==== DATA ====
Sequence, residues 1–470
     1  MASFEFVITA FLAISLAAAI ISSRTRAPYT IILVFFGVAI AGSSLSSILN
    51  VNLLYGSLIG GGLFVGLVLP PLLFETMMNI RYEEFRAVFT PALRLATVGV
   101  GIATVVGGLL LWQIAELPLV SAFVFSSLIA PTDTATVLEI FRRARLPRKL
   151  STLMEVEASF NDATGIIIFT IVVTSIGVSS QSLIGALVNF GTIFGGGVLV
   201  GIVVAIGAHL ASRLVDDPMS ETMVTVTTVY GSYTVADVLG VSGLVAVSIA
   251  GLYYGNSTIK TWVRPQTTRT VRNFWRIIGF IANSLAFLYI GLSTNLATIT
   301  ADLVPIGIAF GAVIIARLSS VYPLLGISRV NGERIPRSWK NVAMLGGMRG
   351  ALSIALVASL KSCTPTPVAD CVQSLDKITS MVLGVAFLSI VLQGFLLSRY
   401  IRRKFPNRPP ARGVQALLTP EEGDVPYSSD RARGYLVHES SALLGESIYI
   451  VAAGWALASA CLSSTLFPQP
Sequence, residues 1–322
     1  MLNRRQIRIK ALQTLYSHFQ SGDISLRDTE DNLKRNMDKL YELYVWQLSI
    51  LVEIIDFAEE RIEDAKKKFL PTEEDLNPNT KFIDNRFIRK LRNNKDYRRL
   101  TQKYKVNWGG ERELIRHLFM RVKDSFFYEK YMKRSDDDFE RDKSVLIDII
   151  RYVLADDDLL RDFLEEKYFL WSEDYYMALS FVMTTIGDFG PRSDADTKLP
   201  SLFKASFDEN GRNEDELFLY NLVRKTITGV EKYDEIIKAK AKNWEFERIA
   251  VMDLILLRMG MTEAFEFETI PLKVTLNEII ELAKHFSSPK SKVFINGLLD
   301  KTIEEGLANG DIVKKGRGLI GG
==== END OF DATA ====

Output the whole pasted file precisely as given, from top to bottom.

Sequence, residues 1–470
     1  MASFEFVITA FLAISLAAAI ISSRTRAPYT IILVFFGVAI AGSSLSSILN
    51  VNLLYGSLIG GGLFVGLVLP PLLFETMMNI RYEEFRAVFT PALRLATVGV
   101  GIATVVGGLL LWQIAELPLV SAFVFSSLIA PTDTATVLEI FRRARLPRKL
   151  STLMEVEASF NDATGIIIFT IVVTSIGVSS QSLIGALVNF GTIFGGGVLV
   201  GIVVAIGAHL ASRLVDDPMS ETMVTVTTVY GSYTVADVLG VSGLVAVSIA
   251  GLYYGNSTIK TWVRPQTTRT VRNFWRIIGF IANSLAFLYI GLSTNLATIT
   301  ADLVPIGIAF GAVIIARLSS VYPLLGISRV NGERIPRSWK NVAMLGGMRG
   351  ALSIALVASL KSCTPTPVAD CVQSLDKITS MVLGVAFLSI VLQGFLLSRY
   401  IRRKFPNRPP ARGVQALLTP EEGDVPYSSD RARGYLVHES SALLGESIYI
   451  VAAGWALASA CLSSTLFPQP
Sequence, residues 1–322
     1  MLNRRQIRIK ALQTLYSHFQ SGDISLRDTE DNLKRNMDKL YELYVWQLSI
    51  LVEIIDFAEE RIEDAKKKFL PTEEDLNPNT KFIDNRFIRK LRNNKDYRRL
   101  TQKYKVNWGG ERELIRHLFM RVKDSFFYEK YMKRSDDDFE RDKSVLIDII
   151  RYVLADDDLL RDFLEEKYFL WSEDYYMALS FVMTTIGDFG PRSDADTKLP
   201  SLFKASFDEN GRNEDELFLY NLVRKTITGV EKYDEIIKAK AKNWEFERIA
   251  VMDLILLRMG MTEAFEFETI PLKVTLNEII ELAKHFSSPK SKVFINGLLD
   301  KTIEEGLANG DIVKKGRGLI GG